ate last year Charles J. Sykes published an op-ed in the New York Times called “Where the Right Went Wrong.” Sykes wrote that he was giving up his talk-radio show in Wisconsin after nearly 25 years: “My reasons are personal,” he said, but the rise of Donald Trump “has made my decision easier.” Not that the presidential campaign had lacked a certain personal angle for Sykes, a sharp Trump critic. “Conservatives I had known and worked with for more than two decades organized boycotts of my show,” he wrote. On social media, “I found myself called a ‘cuckservative,’ a favorite gibe of white nationalists; and someone Photoshopped my face into a gas chamber.”
The op-ed was a signal moment in the aftermath of Trump’s election. For years, Sykes had been a conservative stalwart, helping to make Wisconsin a wellspring of conservative thought and action. (He has also written for Commentary.) He had championed the political careers of conservative Republicans including Representative Paul Ryan, Governor Scott Walker, and Senator Ron Johnson, and he had backed conservative reforms such as reining in public-sector unions and widening school choice. Yet here he was in the Times, declaring: “The conservative media is broken and the conservative movement deeply compromised.” Conservatism’s “moral failure” in a time of ugly tribalism, he said, “lies at the heart of the conservative movement even in its moment of apparent electoral triumph.”
The story of that moral failure demanded a fuller accounting than the spate of op-eds, columns, and articles produced by disillusioned conservatives following Trump’s hostile takeover of the Republican Party. Now we have it with Sykes’s How the Right Lost Its Mind, a dissection of conservatism’s 2016 collapse but also a canny historical analysis. Sykes closes by suggesting how “contrarian conservatives” can work to restore the movement to sanity, but after reading this portrait of cynical acquiescence, collaboration, and opportunism, they would need a strong stomach to undertake such a mission.
Sykes’s father was a liberal activist in the 1960s, and Sykes, as a teenager, shared his father’s enthusiasm. The excesses of the anti-war era prompted his father to give up on the left, but Sykes joined the Young Democrats while in college in the 1970s. It wasn’t until he became a newspaper reporter covering urban issues that he realized that government programs beloved by liberals “seemed to exist for no other purpose than to satisfy a voter block and provide employment for various hacks and mediocrities. They did not discernably improve lives or fix any problems.”
In the late 1970s, Sykes began reading and appreciating conservative thinkers such as William F. Buckley Jr., Milton Friedman, Irving Kristol, and Norman Podhoretz, but “most important for me was that conservative ideas simply made more sense; they took the world as it was rather than seeing it through the lens of wishful thinking and ideology.”
In the decades that followed, Sykes would become a conservative force, particularly on education matters (his books include Fail U: The False Promise of Higher Education, published last year). But then came Trump, supported by many conservatives who viewed him through the lens of wishful thinking and abandoned ideology.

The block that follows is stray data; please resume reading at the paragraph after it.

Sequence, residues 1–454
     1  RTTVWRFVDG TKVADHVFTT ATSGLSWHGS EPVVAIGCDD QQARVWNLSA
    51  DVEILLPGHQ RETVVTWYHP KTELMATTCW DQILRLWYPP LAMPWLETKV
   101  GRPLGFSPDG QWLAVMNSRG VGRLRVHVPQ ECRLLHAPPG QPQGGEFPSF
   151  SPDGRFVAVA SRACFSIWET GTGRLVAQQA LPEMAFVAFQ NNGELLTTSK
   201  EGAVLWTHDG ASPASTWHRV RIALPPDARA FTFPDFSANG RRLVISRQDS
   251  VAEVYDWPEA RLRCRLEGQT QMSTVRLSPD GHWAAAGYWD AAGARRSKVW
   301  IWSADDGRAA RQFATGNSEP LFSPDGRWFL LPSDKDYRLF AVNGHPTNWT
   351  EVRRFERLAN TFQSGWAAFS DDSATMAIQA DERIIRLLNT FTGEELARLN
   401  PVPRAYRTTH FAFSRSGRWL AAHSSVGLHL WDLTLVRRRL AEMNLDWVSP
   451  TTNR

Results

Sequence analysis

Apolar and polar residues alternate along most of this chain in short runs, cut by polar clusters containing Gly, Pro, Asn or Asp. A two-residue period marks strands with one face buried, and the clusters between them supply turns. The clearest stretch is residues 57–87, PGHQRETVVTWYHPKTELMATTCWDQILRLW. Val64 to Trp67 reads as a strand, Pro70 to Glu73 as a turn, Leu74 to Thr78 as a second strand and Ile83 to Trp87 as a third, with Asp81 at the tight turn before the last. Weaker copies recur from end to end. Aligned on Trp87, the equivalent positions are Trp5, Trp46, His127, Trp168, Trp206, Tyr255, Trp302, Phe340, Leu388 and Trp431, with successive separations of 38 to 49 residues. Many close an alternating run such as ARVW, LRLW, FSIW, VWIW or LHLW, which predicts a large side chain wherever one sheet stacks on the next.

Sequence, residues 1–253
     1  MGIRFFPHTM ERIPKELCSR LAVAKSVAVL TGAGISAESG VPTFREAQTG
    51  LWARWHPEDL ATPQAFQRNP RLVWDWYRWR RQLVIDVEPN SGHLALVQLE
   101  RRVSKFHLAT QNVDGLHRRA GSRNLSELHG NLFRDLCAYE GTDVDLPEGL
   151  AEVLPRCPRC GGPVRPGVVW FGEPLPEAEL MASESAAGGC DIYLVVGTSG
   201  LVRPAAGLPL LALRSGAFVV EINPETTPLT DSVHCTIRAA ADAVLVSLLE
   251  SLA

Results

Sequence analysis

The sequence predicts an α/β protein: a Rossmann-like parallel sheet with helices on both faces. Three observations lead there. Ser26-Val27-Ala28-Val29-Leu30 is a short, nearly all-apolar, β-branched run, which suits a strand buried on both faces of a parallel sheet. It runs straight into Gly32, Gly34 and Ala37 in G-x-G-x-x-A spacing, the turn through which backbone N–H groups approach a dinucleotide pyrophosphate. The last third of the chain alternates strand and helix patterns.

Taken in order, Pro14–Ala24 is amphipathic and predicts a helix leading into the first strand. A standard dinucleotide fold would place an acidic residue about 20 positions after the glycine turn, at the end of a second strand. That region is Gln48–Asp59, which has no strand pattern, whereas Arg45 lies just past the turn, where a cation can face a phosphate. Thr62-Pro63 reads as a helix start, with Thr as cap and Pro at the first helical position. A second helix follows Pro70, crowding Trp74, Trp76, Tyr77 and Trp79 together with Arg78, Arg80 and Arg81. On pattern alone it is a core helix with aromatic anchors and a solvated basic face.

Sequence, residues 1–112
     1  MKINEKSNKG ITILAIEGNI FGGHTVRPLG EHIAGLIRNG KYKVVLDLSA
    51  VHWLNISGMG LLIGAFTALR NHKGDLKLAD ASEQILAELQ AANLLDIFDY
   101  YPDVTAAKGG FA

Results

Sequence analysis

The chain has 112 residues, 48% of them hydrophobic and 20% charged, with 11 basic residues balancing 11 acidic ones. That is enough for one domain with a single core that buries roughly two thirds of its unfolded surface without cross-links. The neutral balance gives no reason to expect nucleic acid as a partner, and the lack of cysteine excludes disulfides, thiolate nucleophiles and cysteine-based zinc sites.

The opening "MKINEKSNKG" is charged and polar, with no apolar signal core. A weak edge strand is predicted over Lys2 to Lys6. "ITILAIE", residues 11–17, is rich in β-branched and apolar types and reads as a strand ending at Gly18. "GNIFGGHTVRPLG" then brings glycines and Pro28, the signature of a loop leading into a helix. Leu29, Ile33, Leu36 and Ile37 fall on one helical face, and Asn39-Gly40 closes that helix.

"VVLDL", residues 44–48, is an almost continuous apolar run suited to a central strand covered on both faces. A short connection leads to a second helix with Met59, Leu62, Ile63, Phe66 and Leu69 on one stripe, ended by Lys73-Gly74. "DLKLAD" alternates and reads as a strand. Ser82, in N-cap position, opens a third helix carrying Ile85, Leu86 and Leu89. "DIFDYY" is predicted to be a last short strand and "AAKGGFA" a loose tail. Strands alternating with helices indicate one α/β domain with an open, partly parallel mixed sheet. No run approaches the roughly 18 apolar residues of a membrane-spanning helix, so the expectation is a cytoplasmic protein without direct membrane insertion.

“How did a movement that was defined by its belief in individual liberty, respect for the Constitution, free markets, personal responsibility, traditional values, and civility,” Sykes writes, “find itself embracing a stew of nativism, populism, and nationalism?”
The answer in part, he says, is that pre-Trump conservatism was actually “a mess—a contentious collection of disparate, often contradictory ideas and querulous warring factions of libertarians, chamber of commerce types, traditionalists, and social conservatives.” Yet this fractious coalition had held together, however unsteadily, since the ascendance of Ronald Reagan in 1980. Sykes describes in detail how the path for Reagan—and what now looks like the zenith of modern conservatism—had been prepared beginning in the mid-1950s with Buckley’s founding of National Review. Sykes recounts how Buckley routed from modern conservatism much of the “crackpotism” that then characterized the movement, epitomized by the fevered anti-Communist paranoia of the John Birch Society. (Decades later, Sykes notes, Buckley would perform a similar act of intellectual hygiene by calling out Patrick Buchanan’s anti-Semitism.) The publication of Frank Meyer’s In Defense of Freedom in 1962 was another essential development, proposing a balancing of personal liberty and moral responsibility that came to be known as fusionism.
Sykes takes us through the Barry Goldwater presidential campaign in 1964—a failure at the ballot box, but a seminal moment in conservatism—and the 1970s rise of the New Right, which disdained modern conservatism’s intellectuals as elitist accomplices of the Republican establishment. At every stage of this story, Sykes notes the tumorous elements lurking in conservatism that would ultimately erupt in full-blown Trumpism. In 1976, he writes, the New Right edged toward supporting Alabama Governor George Wallace, a lightly reformed bigot, for the presidency, until “some of the calmer heads realized that would have meant an alliance with a coterie of crackpots, including anti-Semites and Holocaust deniers. But the flirtation with Wallace served to expose a soft underbelly of conservatism.”